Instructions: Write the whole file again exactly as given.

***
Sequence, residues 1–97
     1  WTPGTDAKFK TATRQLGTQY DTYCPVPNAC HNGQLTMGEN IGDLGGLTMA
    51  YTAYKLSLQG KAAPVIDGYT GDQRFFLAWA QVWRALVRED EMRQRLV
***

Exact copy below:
Sequence, residues 1–97
     1  WTPGTDAKFK TATRQLGTQY DTYCPVPNAC HNGQLTMGEN IGDLGGLTMA
    51  YTAYKLSLQG KAAPVIDGYT GDQRFFLAWA QVWRALVRED EMRQRLV